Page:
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‘Hippie chimps’ fast disappearing in Congo

Scientists are trying to save the fast-disappearing bonobo, the gentle “hippie chimp” known for resolving squabbles through sex rather than violence.
A bonobo takes refuge at a sanctuary on the outskirts of Kinshasa, Democratic Republic of Congo, in February.Anjan Sundaram / AP file
/ Source: The Associated Press

Scientists are struggling to save the fast-disappearing bonobo, the gentle “hippie chimp” known for resolving squabbles through sex rather than violence.

Unfortunately, bonobos are prized by Congolese for their tasty meat, and many villagers who are illegally hunting the wiry, wizen-faced apes don’t realize how close their prey is to extinction.

“Bonobos are an icon for peace and love, the world’s ’hippie chimps,”’ said Sally Coxe of the Washington-based Bonobo Conservation Initiative. “To let them die off would be a catastrophe.”

The animals are known for greeting rival groups with genital handshakes and sensual body rubs. Bonobo spats are swiftly settled — often with a French kiss and a quick round of sex.

Despite all the sex, however, female bonobos give birth to a single infant only once every five years, making the species especially vulnerable.

The bonobo, or pan paniscus, is native only to the vast rain forest in this huge central African nation, living high off the ground in treetop nests.

As few as 5,000 may now remain in Congo, down from an estimated 100,000 in 1984, said Ino Guabini, a primatologist with the World Wildlife Fund.

‘We need urgent measures’
“There is no question that bonobos are seriously threatened,” Guabini said, speaking over a shrill forest symphony of birds, animals and insects. “We need urgent measures or there is no way we can protect the species.”

But for poor villagers, bonobos can be lucrative business, with much of the meat heading for expensive, clandestine meals at restaurants in the cities.

One bonobo can earn $200 for Richard Ipaka, a 50-year-old part-time poacher who lives in the provincial capital, Mbandaka.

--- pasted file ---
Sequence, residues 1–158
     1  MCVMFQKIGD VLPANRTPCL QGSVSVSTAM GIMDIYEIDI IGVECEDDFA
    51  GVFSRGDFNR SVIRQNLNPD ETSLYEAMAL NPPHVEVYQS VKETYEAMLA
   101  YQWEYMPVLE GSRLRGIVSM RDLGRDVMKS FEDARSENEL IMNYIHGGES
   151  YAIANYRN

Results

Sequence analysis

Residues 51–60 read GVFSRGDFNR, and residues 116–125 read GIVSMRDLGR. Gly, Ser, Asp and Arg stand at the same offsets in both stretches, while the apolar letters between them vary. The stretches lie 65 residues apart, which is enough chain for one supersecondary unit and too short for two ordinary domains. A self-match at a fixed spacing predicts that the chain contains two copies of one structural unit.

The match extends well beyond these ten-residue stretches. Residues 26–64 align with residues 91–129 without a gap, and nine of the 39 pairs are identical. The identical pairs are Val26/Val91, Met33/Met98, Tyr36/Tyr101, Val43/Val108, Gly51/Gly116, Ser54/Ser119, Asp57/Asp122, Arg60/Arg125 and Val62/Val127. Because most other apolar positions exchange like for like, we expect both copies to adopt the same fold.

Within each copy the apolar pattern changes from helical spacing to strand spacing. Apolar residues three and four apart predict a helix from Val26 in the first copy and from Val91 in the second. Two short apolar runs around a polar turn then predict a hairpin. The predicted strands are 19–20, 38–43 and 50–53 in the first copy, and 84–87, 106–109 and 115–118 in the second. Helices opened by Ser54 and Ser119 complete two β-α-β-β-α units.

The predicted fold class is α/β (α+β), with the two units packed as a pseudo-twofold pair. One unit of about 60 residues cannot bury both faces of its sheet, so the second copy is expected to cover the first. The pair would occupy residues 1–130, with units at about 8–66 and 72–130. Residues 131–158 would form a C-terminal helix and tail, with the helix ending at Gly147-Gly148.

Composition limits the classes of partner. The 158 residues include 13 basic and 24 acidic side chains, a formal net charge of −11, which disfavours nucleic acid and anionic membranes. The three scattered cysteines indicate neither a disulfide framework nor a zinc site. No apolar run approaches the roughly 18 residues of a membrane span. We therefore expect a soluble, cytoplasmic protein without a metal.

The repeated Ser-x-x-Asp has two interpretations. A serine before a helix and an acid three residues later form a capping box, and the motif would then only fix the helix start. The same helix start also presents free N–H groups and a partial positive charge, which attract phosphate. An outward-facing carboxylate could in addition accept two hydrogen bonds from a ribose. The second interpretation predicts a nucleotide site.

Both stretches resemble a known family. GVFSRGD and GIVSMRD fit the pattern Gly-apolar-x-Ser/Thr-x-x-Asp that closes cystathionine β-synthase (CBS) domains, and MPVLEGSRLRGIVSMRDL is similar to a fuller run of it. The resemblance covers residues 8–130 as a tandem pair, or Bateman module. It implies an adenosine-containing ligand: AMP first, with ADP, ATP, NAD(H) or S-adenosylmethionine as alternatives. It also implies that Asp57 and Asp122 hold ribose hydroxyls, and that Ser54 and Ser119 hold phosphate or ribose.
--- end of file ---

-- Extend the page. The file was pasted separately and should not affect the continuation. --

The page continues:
“That’s enough money for two months,” he said.

Like many Congolese, he said he did not know bonobos are found in the wild only in his country. And like many others, he was skeptical that the ape is endangered.

“Our ancestors have been eating bonobos for centuries. How could they disappear?” Ipaka said.

But the peace-loving bonobos are increasingly difficult to sight, and not just because they’re good at hiding, suspended from the high branches of trees or swiftly traversing the lattice of thick, muddy roots strewn over the forest floor.

The best place to glimpse them these days may be the Bonobo Paradise sanctuary in Congo’s capital, Kinshasa, which is home to a few dozen rescued from poachers by police.

Poachers have devised an array of methods to bag bonobos.

Hunters in Congo’s Equator province say the apes are most easily captured when asleep drunk, so poachers intoxicate them with beer and palm wine. The dazed bonobos are stuffed in bags and carted off to local markets.

Killed with poisoned meat
Other poachers use guns, and some leave poisoned meat in the forest, silently killing packs of up to 20 bonobos at a time.

Ipaka, who uses a battle-worn Kalashnikov assault rifle to shoot bonobos sleeping in their nests, said he hunts most often with bands of unemployed militiamen left over from a string of rebellions, coups and conflict that ravaged Congo beginning in the mid-1990s.

The bonobo is the subject of age-old songs and legends, and conservationists hope to turn some of those traditions to their advantage.

In the village of Botwalu, for instance, locals believe the bonobo was once a man who lived with their tribe but now hides in the forest because an angry tree stripped him of its clothes.

“The bonobo is a man, only it is ashamed to be naked. It is wrong to hunt or eat bonobos,” said Mokelo Moibula, chief of a village committee that works to protect bonobos.

The Bonobo Conservation Initiative has begun working with villages that hold such hunting taboos to create a series of reserves for the graceful animals.

“So far we’re working on an area larger than the size of Wales, and it’s getting bigger,” Coxe said.

That may not be enough. Even provincial police who are supposed to protect the bonobo are mostly ignorant about dangers to its survival, and they are often sympathetic to those who eat it.

Some officers consume bonoobo meat, too, said Clerivent Kanyamba, deputy chief of the Equator province police.

“What can we do if bonobo meat is tasty?” Kanyamba said.